An immediately impressive element of Edward Berger’s All Quiet on the Western Front is the visceral soundscape that creates an immersive environment for the audience in becoming part of the World War I setting. This quality is brought to life by the joint efforts of the sound and music teams that each in their own ways contribute to the unflinching brutality of ‘the war machine’ that is often signaled by an expressive original score.
Markus Stemler (Sound Designer) and Volker Bertelmann (Composer) break down the integration of the sound recorded on set and the score developed in post-production and how the sound and score were devised from a technical standpoint as well as from the vision of the emotions that they wanted to translate through the sound and music. The pair discuss what inspired the immersive soundscape experience of the film and the collaboration of their departments to achieve the realism and brutality of war.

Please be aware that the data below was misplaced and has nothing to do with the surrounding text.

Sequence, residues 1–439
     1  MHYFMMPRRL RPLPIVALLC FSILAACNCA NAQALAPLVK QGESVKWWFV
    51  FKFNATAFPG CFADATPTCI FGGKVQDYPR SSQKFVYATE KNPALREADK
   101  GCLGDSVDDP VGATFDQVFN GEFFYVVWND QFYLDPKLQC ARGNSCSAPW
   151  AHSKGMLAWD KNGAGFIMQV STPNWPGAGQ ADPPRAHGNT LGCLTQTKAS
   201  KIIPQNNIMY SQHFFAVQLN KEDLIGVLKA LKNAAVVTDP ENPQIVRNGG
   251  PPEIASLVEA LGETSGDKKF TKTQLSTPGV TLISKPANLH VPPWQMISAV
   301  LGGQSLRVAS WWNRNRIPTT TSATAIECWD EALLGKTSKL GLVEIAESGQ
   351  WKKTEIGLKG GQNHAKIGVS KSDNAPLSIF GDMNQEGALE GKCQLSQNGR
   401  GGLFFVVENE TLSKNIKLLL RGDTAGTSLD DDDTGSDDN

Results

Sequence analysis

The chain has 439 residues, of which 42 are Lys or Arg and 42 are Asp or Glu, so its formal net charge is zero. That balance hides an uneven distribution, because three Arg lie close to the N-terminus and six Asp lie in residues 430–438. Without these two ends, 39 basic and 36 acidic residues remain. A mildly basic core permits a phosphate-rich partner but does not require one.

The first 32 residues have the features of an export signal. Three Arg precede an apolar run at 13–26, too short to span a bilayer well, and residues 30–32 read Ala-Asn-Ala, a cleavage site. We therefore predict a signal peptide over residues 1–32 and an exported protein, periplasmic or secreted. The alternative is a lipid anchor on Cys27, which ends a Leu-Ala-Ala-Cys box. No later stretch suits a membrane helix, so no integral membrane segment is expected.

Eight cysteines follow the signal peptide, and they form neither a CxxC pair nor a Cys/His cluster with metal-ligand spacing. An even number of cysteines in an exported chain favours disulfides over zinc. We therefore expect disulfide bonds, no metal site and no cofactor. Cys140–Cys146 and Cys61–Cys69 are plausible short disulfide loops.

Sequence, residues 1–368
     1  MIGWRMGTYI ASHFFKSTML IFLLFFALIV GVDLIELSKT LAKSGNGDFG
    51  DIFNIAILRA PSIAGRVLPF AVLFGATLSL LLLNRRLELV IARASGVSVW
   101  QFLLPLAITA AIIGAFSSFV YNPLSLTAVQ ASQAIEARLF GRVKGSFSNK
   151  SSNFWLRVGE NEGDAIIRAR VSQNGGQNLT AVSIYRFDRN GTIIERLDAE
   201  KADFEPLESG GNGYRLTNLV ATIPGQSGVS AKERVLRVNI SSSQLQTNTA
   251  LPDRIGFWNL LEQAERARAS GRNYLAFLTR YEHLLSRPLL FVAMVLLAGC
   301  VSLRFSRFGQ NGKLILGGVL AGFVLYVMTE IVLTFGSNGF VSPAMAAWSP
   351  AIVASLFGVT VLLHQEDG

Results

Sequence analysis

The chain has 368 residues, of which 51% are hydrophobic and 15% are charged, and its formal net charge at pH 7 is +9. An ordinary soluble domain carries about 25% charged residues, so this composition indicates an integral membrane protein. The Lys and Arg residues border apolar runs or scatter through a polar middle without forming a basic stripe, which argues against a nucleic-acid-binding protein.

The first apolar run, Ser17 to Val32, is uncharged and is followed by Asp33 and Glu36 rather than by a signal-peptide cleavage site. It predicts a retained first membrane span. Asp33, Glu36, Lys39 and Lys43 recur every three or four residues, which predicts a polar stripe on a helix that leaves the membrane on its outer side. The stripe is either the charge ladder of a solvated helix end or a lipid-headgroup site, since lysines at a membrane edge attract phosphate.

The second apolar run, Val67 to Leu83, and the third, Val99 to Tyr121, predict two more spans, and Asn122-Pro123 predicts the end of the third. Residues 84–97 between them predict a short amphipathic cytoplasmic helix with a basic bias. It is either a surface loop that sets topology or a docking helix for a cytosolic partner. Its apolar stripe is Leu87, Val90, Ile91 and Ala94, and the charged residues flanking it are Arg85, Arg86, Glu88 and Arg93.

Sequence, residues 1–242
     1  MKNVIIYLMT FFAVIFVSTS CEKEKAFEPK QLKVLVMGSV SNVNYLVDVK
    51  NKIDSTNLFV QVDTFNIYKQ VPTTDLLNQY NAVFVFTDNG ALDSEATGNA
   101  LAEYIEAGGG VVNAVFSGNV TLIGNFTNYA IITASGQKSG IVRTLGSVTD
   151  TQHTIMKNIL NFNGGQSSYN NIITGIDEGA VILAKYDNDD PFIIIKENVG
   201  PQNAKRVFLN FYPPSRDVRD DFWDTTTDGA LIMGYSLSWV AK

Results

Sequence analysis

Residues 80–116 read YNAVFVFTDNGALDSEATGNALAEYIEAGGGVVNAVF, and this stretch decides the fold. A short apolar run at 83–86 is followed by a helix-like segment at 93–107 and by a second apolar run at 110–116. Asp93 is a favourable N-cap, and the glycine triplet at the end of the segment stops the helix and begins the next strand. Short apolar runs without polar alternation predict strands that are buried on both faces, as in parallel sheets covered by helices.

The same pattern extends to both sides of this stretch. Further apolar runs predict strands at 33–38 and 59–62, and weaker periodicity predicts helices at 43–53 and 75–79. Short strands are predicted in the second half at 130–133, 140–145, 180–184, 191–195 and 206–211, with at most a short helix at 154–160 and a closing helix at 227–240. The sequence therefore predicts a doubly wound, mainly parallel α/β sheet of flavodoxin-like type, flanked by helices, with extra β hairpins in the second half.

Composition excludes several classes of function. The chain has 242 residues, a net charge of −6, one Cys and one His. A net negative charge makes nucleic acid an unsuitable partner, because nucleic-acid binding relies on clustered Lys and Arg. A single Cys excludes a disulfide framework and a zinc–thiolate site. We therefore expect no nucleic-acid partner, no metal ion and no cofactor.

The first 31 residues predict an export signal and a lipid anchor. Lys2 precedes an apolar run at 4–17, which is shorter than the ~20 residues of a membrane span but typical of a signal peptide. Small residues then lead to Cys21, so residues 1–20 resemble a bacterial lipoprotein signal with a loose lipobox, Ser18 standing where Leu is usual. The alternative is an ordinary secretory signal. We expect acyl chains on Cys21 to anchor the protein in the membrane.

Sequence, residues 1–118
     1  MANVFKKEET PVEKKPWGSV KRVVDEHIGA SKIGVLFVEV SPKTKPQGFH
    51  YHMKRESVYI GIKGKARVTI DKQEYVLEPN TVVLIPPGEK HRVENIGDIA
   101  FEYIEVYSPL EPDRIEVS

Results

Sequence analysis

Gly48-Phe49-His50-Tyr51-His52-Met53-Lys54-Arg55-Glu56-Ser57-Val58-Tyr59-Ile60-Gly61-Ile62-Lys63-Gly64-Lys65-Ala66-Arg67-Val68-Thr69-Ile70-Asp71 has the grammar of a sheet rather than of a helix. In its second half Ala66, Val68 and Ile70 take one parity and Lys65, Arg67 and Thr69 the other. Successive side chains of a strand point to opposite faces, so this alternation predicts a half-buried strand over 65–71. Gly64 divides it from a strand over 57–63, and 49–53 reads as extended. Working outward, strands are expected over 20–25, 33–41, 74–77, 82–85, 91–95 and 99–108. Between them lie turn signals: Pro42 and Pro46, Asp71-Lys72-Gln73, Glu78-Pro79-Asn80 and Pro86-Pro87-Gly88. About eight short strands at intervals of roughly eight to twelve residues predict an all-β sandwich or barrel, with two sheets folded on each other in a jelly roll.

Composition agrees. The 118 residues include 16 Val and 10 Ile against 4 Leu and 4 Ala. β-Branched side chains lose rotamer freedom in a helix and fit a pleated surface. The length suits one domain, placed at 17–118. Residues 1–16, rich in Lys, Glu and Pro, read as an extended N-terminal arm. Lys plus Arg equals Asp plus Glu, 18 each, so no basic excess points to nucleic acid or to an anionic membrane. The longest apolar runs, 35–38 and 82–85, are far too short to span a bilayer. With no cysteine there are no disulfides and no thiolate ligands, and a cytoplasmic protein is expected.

Because Stemler could not be on set due to COVID restrictions, he describes some of the innovative audio capture techniques performed in production to capture the immersive soundscape of the actors:
“I actually like the idea that they had microphones connected to their helmet so it doesn’t matter where they turn, they are mic’d up. The goal was to not just capture the lines of dialogue but also capture the breathing because it would become such an important element in the sound design to keep us connected to Paul.”